Ambac Financial Group announced Friday it is delaying its planned launch of muni-only bond insurer Everspan Financial Guaranty Corp.
Everspan, which is a subsidiary of Ambac Assurance Corp., was seeking to raise the third-party capital to achieve the double-A rating levels it felt it needed to compete in the business.
Citing a difficult market environment, Ambac said none of the discussions about raising capital "have resulted in a satisfactory outcome."
Everspan was seeking to raise $200 million in third-party capital, according to Peter Poillon, managing director of investor relations. Ambac would have provided an additional $650 million to the $150 million it had already put into the business, for a total of $1 billion.
Ambac did not give a deadline date for the postponement. It says it will continue to focus on "ongoing loss-mitigation efforts and other new business initiatives."
Ambac stock fell 9.6% yesterday to $1.13.
"Postponing this strategic initiative was a difficult decision," Ambac president and chief executive officer David Wallis said in a statement. "We will closely monitor the capital markets and will revisit this opportunity when the economic environment has stabilized."
Ambac also announced that Everspan CEO and Ambac executive vice president Douglas Renfield-Miller will retire effective Jan. 1, 2010.
Ambac is also instituting about 30 staffing cuts, reducing headcount by about 10%, Poillon said. The cuts are across the business and some Everspan employees may be absorbed back into Ambac.
"Doug has been a significant contributor to Ambac since joining us in 2000 and I wish him well in his retirement," Wallis said.
Ambac in early 2008 began looking to create a new municipal-only insurer using a company it bought more than a decade ago, Connie Lee. Later last year, it was renamed Everspan.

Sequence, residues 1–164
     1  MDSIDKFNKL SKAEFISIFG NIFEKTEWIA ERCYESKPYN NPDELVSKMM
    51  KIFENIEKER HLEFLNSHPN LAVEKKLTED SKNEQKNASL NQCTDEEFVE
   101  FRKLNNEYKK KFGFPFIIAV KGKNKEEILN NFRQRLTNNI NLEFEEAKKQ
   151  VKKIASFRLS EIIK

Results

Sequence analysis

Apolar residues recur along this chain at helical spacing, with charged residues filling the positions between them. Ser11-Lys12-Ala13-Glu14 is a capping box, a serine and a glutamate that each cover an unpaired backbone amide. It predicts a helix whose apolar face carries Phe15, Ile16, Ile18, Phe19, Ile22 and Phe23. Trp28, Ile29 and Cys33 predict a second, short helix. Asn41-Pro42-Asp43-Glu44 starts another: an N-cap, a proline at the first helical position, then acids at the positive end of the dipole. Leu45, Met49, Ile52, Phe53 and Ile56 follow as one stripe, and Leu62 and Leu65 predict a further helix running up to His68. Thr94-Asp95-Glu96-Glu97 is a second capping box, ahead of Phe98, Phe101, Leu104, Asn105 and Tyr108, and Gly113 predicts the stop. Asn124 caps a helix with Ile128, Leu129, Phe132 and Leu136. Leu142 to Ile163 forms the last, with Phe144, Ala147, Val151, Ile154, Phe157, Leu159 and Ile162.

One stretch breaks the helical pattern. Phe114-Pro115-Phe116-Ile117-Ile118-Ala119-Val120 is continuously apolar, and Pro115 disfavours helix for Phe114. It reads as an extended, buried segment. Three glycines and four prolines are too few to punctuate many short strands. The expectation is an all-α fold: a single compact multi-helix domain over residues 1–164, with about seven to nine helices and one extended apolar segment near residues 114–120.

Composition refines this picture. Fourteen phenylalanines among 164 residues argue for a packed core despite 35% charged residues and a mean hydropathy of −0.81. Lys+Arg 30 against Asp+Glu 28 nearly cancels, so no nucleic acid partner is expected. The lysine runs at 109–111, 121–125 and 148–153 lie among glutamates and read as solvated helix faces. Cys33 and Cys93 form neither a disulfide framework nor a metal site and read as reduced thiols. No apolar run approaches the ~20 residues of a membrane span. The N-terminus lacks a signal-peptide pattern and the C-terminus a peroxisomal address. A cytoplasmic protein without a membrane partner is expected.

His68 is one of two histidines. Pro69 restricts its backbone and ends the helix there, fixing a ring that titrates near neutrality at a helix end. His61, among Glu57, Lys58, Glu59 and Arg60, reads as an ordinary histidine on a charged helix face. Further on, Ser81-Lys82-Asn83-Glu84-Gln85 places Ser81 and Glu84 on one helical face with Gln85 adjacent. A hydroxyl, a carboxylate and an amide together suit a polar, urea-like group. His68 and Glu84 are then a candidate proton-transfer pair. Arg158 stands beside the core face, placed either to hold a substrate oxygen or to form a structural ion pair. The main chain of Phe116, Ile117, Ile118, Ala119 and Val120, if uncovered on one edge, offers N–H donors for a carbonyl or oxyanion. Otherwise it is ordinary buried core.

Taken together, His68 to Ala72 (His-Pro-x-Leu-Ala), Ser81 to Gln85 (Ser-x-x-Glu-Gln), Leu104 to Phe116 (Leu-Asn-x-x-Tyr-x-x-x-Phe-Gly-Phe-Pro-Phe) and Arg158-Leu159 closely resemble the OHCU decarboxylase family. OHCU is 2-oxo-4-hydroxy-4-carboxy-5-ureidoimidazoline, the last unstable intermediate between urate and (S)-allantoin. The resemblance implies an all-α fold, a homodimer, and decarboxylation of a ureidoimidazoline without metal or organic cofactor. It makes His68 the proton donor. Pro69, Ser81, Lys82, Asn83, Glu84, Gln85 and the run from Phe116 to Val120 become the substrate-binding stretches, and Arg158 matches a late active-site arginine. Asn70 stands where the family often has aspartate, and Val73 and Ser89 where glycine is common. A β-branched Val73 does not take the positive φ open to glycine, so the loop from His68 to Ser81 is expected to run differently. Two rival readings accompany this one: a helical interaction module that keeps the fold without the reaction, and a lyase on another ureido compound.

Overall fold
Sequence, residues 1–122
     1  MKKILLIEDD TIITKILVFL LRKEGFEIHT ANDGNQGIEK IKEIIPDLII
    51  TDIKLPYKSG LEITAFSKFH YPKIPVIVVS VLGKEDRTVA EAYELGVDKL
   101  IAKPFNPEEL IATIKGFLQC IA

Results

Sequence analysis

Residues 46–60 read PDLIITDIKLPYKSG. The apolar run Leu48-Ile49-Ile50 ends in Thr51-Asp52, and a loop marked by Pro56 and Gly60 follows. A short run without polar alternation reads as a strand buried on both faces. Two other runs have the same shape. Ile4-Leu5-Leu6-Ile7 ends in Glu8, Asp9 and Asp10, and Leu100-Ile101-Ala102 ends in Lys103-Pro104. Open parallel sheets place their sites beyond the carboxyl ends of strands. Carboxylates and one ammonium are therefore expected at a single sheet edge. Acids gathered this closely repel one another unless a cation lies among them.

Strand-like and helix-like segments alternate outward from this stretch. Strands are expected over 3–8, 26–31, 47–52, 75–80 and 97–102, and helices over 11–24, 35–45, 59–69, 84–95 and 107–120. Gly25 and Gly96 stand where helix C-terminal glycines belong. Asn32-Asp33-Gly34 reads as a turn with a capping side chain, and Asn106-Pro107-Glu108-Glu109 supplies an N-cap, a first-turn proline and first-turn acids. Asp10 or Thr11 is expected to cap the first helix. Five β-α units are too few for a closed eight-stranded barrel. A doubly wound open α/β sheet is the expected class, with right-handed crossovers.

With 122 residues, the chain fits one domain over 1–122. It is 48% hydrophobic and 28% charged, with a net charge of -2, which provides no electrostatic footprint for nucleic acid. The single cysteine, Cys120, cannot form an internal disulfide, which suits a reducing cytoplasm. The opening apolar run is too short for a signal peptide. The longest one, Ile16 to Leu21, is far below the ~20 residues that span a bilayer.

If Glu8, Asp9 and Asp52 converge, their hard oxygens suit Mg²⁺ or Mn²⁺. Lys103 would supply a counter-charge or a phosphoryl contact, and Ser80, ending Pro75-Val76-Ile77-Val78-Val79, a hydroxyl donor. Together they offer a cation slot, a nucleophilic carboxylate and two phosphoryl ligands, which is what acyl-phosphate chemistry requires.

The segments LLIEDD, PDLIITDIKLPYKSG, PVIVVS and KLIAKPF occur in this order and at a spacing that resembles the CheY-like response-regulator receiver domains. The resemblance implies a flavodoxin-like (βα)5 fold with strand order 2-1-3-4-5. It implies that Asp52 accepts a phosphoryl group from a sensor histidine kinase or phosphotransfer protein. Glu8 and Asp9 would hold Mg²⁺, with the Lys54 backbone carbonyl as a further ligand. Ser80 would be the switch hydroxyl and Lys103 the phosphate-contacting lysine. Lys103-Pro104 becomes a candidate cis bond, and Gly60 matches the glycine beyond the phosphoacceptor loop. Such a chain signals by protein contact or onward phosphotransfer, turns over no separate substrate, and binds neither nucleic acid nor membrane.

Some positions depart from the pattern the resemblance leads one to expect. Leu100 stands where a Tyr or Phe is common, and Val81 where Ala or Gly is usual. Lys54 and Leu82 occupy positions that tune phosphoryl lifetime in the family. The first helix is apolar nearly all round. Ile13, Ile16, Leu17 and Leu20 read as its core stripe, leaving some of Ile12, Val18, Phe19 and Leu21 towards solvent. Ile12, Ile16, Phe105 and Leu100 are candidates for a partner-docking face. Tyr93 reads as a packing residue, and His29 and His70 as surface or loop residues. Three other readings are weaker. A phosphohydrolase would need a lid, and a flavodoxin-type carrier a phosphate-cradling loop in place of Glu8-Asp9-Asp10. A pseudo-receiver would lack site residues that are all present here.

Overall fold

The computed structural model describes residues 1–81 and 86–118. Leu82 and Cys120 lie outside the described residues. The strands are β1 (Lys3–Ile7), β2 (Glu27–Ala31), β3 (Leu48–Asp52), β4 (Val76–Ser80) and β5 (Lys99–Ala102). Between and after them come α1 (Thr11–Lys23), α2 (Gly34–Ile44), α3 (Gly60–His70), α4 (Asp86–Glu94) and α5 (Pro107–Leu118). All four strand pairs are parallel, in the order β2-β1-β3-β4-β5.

Ambac had already put the launch of the muni-only bond insurer on hold last fall when it delayed an $850 million contribution following Moody's Investors Service's decision to put Ambac's ratings on review for downgrade. Ambac's original plans anticipated that Everspan would be writing business as early as the fourth quarter of last year.
Rating agencies wanted Everspan to raise third-party capital in part to demonstrate its "separateness" from the rest of the company, Ambac executives said during an earnings conference call earlier this year. Wallis had described the capital-raising process as "frustrating" at that time.
Poillon last week said the anticipated returns on equity for a muni-only insurer would build up to a low teens return on equity, while investors in the current market want returns of 25% to 30% in this market environment.
Everspan is a subsidiary of Ambac Assurance, but was not going to take on Ambac's existing public finance book. Ambac says it has no plans to split its existing insurance books to separate its public finance and structured finance businesses.
MBIA Inc. earlier took that approach in splitting off its public finance book, which has led to litigation from structured finance policyholders. Hedge funds and financial institutions have separately sued MBIA, alleging the restructuring represents a fraudulent transfer that disadvantaged structured finance policyholders.
Standard & Poor's earlier this month downgraded MBIA's muni-only insurer, National Public Finance Guarantee Corp., to A from AA-minus, citing, in part, the ongoing litigation. Standard & Poor's said the litigation served as an "impediment to both business prospects and capital-raising efforts."
A number of new entrants are still set to enter the bond insurance field, including Municipal and Infrastructure Assurance Corp., co-sponsored by Macquarie Group and Citadel Investment Group.
The National League of Cities has proposed creating its own mutual bond insurer, while H. Russell Fraser, president and CEO of HRF Associates LLC, has announced his group has its own plans to develop a modified mutual financial guaranty company. Both the NLC effort and Fraser are seeking capital from the federal government.
The market's two most active insurers - Assured Guaranty Corp. and Financial Security Assurance Inc. - will soon come under the same parent, as Assured Guaranty Ltd. is set to complete its acquisition of Financial Security Assurance Holdings Ltd. July 1.
Warren Buffett's Berkshire Hathaway Assurance Co. has maintained a very limited presence in the new-issue market.
With the limited capacity available, just 11.4% of new issues have come to market with insurance this year, according to Thomson Reuters. Insurance penetration peaked at 57.1% of all new issues into the market in 2005.